Comparative genomics reveals that a fish pathogenic bacterium Edwardsiella tarda has acquired the locus of enterocyte effacement (LEE) through horizontal gene transfer
BMC Genomics 2013, 14:642 doi:10.1186/1471-2164-14-642Published: 22 September 2013
Edwardsiella tarda is an enterobacterium which causes edwardsiellosis, a fatal disease of cultured fishes such as red sea bream, eel, and flounder. Preventing the occurrence of E. tarda infection has thus been an important issue in aquaculture. E. tarda has been isolated from other animals and from many environments; however, the relationship between the genotype and evolutionary process of this pathogen is not fully understood. To clarify this relationship, we sequenced and compared the genomes of pathogenic and non-pathogenic E. tarda strains isolated from fish, human, and eel pond using next-generation sequencing technology.
Eight strains of E. tarda were sequenced with high accuracy (>99.9%) with coverages from 50- to 400-fold. The obtained reads were mapped to a public reference genome. By comparing single nucleotide and insertion/deletion polymorphisms, we found that an attenuated strain of E. tarda had a loss-of-function mutation in a gene related to the type III secretion system (T3SS), suggesting that this gene is involved in the virulence of E. tarda. A comprehensive gene comparison indicated that fish pathogenic strains possessed a type VI secretion system (T6SS) and pilus assembly genes in addition to the T3SS. Moreover, we found that an E. tarda strain isolated from red sea bream harbored two pathogenicity islands of T3SS and T6SS, which were absent in other strains. In particular, this T3SS was homologous to the locus of enterocyte effacement (LEE) in enteropathogenic and enterohemorrhagic Escherichia coli. Evolutionary analysis suggested that this locus, here named Et-LEE (E. tarda LEE), was introgressed into the E. tarda genome through horizontal transfer.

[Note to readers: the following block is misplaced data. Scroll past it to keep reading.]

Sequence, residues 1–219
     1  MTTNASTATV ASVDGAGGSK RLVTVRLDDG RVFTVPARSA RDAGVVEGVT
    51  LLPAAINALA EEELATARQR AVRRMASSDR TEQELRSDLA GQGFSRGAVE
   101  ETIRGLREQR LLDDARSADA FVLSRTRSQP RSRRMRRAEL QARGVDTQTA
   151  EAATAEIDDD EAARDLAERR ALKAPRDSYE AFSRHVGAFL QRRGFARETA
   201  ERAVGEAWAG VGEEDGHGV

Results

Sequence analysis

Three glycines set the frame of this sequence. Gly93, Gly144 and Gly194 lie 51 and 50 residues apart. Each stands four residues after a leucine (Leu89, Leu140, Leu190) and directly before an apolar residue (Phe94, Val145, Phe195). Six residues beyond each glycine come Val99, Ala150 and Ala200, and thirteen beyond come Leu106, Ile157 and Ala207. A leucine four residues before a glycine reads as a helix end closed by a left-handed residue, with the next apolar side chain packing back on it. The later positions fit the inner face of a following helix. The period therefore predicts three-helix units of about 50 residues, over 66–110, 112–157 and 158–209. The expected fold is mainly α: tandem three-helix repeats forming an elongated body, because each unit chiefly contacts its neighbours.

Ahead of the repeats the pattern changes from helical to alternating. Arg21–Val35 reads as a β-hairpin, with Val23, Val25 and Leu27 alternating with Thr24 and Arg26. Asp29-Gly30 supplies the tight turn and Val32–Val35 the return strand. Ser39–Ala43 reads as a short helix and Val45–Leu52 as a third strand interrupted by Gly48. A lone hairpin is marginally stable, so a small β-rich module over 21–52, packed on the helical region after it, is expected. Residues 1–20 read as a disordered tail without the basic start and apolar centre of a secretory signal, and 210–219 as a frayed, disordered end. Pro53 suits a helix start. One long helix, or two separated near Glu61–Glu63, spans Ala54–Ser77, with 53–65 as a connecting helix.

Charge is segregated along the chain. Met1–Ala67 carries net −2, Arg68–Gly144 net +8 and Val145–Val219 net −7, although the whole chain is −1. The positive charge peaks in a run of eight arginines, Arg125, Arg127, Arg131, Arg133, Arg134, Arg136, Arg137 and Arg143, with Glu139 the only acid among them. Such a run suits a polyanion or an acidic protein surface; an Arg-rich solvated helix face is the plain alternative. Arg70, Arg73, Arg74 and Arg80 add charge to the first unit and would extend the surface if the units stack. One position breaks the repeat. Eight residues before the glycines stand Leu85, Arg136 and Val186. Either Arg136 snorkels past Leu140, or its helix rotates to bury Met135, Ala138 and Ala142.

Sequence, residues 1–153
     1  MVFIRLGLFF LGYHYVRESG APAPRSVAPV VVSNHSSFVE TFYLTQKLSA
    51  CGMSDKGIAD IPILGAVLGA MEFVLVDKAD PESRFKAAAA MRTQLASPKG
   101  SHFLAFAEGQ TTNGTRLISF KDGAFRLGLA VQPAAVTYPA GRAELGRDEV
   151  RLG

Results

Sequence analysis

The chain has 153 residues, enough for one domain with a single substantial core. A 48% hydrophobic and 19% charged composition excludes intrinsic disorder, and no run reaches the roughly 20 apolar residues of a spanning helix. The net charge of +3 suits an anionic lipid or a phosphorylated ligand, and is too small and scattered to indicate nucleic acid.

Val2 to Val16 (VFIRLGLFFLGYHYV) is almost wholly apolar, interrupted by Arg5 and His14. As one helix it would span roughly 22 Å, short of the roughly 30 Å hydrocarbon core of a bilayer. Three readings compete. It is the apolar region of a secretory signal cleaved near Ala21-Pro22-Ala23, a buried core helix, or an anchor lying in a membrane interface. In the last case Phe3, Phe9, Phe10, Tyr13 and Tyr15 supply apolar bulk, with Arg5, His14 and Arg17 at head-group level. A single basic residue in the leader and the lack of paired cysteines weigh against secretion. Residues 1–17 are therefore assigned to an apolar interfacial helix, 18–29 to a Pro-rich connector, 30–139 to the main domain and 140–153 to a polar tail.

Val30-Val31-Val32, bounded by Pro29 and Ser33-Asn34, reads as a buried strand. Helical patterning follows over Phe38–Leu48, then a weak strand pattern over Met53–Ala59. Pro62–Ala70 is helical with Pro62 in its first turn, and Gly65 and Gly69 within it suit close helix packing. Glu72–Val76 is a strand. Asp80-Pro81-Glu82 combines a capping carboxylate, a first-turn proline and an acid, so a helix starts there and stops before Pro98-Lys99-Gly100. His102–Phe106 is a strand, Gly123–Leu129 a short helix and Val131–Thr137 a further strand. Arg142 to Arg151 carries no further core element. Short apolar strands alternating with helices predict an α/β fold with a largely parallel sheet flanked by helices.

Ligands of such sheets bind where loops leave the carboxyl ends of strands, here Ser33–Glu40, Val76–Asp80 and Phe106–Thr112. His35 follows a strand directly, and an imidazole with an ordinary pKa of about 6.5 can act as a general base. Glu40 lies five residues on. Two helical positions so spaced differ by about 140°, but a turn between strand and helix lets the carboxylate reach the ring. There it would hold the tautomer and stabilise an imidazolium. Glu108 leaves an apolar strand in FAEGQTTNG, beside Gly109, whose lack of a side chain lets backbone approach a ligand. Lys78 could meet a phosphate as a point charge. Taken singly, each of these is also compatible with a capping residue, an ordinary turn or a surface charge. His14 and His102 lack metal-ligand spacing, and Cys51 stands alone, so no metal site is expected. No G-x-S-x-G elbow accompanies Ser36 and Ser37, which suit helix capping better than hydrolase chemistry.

We found significant differences in the presence/absence of virulence-related genes among E. tarda strains, reflecting their evolutionary relationship. In particular, a single genotype previously proposed for fish-pathogenic strains may be further divided into two subgroups. Furthermore, the current study demonstrated, for the first time, that a fish pathogenic bacterium carried a LEE-like pathogenicity island which was previously reported only in zoonotic pathogenic enterobacteria. These findings will contribute to the exploration of strain-specific drug targets against E. tarda in aquafarms, while also shedding light on the evolution of pathogenesis in enterobacteria.